Capping this off, on Thursday, May 17, 2018, AODA Alliance Chair David Lepofsky taped an interview on the TVO’s flagship public affairs program “The Agenda with Steve Paikin”. We are told that this will air on Monday night, May 21, 2018 at 8 and 11 pm, and will be available shortly afterwards on Twitter. We will let you know if that changes. In that interview (which also included Hamilton area disability rights advocate Yvonne Felix) both our public transit video and the election’s broader disability accessibility issues were addressed.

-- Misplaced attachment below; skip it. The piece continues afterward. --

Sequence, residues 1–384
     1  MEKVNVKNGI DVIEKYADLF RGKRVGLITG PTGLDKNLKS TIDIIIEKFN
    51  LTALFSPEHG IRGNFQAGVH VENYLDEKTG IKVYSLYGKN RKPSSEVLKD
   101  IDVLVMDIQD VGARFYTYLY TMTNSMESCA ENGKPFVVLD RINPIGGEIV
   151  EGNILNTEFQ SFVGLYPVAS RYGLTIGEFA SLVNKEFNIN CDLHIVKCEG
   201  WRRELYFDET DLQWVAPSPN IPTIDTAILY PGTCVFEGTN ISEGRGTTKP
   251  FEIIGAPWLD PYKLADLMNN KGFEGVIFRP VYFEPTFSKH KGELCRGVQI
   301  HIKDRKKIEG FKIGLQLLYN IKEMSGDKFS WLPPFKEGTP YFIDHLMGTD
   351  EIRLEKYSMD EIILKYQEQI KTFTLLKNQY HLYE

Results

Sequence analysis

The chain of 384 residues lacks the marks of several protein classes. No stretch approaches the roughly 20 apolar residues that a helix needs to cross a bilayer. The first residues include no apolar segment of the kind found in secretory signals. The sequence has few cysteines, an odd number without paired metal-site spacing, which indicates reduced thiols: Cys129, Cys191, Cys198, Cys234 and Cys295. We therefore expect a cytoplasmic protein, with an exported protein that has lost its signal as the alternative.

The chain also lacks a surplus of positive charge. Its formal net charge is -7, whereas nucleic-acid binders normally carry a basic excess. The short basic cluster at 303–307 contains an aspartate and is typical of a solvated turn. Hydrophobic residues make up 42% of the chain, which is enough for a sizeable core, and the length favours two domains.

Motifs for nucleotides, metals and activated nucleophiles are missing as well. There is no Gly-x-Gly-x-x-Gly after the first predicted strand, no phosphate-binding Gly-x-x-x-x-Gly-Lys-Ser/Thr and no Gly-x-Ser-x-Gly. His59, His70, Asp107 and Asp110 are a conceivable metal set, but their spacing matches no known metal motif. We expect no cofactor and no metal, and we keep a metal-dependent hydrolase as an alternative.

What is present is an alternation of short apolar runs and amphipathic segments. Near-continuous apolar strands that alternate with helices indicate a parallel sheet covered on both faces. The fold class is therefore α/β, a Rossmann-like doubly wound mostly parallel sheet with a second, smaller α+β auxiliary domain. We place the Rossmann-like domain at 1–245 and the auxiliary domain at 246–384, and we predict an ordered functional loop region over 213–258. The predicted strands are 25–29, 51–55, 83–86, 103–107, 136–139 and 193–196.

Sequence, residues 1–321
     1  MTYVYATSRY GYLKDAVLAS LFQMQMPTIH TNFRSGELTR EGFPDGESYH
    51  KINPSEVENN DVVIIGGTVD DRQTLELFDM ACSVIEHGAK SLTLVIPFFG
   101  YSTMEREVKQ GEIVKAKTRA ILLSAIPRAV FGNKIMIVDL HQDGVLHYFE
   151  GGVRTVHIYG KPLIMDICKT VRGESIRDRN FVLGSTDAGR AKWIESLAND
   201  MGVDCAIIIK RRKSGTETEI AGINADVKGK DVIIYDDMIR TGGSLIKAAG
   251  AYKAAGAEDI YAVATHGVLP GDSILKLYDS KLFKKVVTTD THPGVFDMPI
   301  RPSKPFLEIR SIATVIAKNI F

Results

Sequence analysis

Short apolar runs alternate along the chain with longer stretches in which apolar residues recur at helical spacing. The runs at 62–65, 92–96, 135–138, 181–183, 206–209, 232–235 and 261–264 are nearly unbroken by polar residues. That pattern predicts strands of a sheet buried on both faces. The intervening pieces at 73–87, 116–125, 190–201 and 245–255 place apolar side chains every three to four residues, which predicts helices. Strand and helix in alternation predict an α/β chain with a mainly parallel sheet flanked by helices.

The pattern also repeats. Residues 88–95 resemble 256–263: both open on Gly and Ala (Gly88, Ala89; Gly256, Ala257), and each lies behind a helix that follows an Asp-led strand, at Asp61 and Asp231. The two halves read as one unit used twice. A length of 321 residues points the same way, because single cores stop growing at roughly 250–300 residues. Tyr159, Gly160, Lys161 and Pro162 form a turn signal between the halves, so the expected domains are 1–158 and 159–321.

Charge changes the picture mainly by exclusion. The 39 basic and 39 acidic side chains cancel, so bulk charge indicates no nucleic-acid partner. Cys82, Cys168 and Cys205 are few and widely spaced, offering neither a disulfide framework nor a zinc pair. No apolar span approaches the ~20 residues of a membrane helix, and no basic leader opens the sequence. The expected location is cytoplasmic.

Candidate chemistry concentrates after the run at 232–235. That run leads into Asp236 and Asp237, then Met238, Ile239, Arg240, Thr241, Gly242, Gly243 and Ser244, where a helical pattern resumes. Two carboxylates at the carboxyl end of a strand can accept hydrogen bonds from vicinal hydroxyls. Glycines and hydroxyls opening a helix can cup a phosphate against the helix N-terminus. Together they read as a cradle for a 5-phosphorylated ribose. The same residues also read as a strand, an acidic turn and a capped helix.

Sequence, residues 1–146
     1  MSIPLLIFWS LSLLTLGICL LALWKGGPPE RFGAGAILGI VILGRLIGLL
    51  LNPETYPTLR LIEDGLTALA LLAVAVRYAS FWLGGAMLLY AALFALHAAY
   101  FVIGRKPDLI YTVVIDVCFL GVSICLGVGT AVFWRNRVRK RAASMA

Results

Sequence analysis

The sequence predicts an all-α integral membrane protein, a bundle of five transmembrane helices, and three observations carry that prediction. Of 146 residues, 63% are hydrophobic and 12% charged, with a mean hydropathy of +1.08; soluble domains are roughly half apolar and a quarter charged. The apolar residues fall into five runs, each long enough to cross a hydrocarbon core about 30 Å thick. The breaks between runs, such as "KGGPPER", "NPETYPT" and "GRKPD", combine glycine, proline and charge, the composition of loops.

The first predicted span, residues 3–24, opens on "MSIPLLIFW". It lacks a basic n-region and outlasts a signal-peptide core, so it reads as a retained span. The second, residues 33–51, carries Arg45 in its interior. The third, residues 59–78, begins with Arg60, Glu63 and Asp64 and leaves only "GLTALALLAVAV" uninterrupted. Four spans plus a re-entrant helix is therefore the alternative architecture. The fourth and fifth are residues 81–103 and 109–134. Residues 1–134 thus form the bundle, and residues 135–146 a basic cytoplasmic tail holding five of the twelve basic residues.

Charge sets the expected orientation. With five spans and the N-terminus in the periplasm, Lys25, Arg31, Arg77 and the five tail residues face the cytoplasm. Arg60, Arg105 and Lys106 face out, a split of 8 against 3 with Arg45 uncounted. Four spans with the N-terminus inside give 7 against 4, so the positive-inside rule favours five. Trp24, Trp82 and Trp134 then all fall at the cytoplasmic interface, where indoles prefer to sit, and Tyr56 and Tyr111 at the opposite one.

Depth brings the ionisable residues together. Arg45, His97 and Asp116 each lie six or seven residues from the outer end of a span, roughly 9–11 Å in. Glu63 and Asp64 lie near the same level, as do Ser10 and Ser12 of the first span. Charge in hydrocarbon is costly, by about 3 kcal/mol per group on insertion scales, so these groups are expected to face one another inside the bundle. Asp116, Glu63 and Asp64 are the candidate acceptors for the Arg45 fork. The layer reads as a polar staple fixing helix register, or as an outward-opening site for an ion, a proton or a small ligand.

Finally, on May 16, 2018, several disability community organizations hosted an excellent all-candidates’ debate on disability issues. Accessibility issues, including the AODA’s implementation and enforcement, came up many times. Our new video was referred to directly or indirectly more than once. To watch a recording of that debate, visit: https://ryecast.ryerson.ca/72/Watch/12595.aspx

We encourage you to:

* Encourage as many people as possible to watch our public transit accessibility video. Share it on Facebook and other social media.

* Urge candidates to watch our video. Ask what they will do if elected, to prevent public money from ever being used again to create or perpetuate disability barriers. Check out our handy list of all the candidates and their Twitter handles, email addresses and phone numbers, that we could find. You can also send them our news release on this video.